Another study also showed that Serrapeptase can minimize fibrosis in the body.

When the liver is damaged, it will stimulate the production and replacement of healthy cells with fibrous tissue, simultaneously removing scar tissue to protect liver health [2].

Are There Any Side Effects of Serrapeptase on the Liver?

side effects of serrapeptase

The latest report regarding the functional liver disorder and a non-itchy whole-body red rash of a 28-year-old Japanese woman with no history of liver damage after using Serrapeptase [1].

The patient was diagnosed with granulomatous hepatitis caused by a medicine containing Serrapeptase, and the situation improved after stopping the supplements. Signs of this side effect are high fever, continuous coughing, and sore throat; 2 days later, extremities appear red, non-itchy rash.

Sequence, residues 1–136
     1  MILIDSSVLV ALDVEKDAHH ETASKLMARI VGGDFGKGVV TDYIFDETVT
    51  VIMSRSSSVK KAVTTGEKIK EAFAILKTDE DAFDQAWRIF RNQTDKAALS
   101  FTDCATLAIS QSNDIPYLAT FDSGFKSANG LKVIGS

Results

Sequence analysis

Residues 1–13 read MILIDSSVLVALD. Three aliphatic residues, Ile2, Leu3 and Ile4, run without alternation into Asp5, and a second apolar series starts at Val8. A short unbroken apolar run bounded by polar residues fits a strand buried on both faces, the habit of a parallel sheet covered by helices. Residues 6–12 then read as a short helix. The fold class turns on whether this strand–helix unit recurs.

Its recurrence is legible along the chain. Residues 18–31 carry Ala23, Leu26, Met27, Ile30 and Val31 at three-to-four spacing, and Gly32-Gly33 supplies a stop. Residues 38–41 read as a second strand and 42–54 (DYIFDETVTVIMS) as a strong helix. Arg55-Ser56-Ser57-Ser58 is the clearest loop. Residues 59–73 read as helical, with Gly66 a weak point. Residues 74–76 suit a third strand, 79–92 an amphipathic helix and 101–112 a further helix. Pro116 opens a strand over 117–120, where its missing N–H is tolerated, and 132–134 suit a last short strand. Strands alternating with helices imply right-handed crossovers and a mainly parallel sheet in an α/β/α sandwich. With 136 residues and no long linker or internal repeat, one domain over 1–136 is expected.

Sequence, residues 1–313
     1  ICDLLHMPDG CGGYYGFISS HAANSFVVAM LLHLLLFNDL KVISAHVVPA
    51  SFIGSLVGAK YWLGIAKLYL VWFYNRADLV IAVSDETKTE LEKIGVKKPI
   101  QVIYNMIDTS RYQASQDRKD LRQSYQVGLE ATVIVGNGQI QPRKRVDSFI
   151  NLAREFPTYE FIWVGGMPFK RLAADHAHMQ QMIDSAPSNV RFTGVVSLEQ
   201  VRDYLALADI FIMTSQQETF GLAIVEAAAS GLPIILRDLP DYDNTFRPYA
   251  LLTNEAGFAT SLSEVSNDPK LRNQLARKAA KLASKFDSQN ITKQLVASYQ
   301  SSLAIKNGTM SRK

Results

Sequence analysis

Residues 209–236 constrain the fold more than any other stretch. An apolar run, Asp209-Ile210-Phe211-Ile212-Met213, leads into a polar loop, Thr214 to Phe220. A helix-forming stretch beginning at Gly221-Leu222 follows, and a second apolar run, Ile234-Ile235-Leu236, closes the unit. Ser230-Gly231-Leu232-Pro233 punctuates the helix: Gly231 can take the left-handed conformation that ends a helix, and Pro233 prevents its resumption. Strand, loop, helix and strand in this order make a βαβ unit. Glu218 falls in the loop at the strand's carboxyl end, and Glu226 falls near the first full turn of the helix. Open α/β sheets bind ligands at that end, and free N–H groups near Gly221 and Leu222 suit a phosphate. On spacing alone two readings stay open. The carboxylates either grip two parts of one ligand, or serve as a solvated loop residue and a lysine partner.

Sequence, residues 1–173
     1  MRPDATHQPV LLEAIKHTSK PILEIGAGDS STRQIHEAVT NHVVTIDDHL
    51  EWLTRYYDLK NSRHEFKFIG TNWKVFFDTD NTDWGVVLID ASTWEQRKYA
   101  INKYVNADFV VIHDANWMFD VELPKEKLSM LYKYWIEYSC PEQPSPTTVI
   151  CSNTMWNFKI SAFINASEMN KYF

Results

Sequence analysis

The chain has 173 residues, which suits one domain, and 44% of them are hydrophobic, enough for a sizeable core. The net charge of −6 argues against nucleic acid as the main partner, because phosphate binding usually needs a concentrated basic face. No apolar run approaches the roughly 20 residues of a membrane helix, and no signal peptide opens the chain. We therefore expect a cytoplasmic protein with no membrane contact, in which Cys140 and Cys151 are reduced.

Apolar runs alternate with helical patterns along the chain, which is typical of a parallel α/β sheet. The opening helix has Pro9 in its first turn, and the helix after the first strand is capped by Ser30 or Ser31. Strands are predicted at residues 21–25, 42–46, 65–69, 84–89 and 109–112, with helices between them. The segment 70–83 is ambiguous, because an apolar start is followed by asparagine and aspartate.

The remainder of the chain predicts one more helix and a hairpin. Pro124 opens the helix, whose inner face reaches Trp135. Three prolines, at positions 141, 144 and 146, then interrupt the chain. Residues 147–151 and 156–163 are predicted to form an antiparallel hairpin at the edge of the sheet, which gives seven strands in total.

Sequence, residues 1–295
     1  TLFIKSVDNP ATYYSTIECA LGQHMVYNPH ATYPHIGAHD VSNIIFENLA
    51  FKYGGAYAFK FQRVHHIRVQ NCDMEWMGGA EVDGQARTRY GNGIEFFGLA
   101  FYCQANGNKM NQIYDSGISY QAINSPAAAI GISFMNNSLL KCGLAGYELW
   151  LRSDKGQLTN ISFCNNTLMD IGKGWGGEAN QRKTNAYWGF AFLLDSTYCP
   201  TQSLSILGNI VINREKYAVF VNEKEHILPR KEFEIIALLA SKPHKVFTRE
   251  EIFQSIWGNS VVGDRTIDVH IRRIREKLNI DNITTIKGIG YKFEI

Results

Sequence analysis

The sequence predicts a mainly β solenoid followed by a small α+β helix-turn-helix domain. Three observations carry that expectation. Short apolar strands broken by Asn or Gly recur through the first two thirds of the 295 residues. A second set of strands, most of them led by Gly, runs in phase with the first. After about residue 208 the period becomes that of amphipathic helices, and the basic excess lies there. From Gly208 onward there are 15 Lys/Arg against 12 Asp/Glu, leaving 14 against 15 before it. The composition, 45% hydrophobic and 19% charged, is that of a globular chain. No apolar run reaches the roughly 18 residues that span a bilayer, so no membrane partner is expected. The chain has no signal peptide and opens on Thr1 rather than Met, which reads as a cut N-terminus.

Experts point out the important process for the formation of granulomas in the liver is the transformation of activated macrophages into epithelial cells through cell-mediated immune response and the release of cytokines.

Other Serrapeptase Side Effects You Need to Know

Serrapeptase is safe when used continuously in short-term clinical trials. However, its safety is not guaranteed over a long period. Drug interactions, misuse of dosage, Serrapeptase can cause some side effects such as:

  • Nausea
  • Vomiting
  • Abdominal pain
  • Loss of appetite
  • Blood hemorrhage (rare)
  • Diarrhea
  • Skin irritation or inflammation
  • Cough
  • Blood clotting disorders
  • Muscle joint pain
  • Red rash, redness
  • Stevens-Johnson syndrome
  • Eosinophilic pneumonia
  • Bullous pemphigoid

Be cautious when consuming any dietary supplements. Especially if the body shows the above symptoms after consuming Serrapeptase, stop using it and immediately visit a doctor or reputable expert for quick recovery.

How to Use Serrapeptase Safely and Effectively?